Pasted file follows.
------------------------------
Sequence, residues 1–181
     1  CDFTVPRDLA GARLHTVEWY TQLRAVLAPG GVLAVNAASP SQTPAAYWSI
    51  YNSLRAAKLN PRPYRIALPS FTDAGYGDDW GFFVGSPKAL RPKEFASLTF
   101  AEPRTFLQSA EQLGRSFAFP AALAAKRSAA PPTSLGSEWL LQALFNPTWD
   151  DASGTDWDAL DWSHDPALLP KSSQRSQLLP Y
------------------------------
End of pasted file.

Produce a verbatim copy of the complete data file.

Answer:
Sequence, residues 1–181
     1  CDFTVPRDLA GARLHTVEWY TQLRAVLAPG GVLAVNAASP SQTPAAYWSI
    51  YNSLRAAKLN PRPYRIALPS FTDAGYGDDW GFFVGSPKAL RPKEFASLTF
   101  AEPRTFLQSA EQLGRSFAFP AALAAKRSAA PPTSLGSEWL LQALFNPTWD
   151  DASGTDWDAL DWSHDPALLP KSSQRSQLLP Y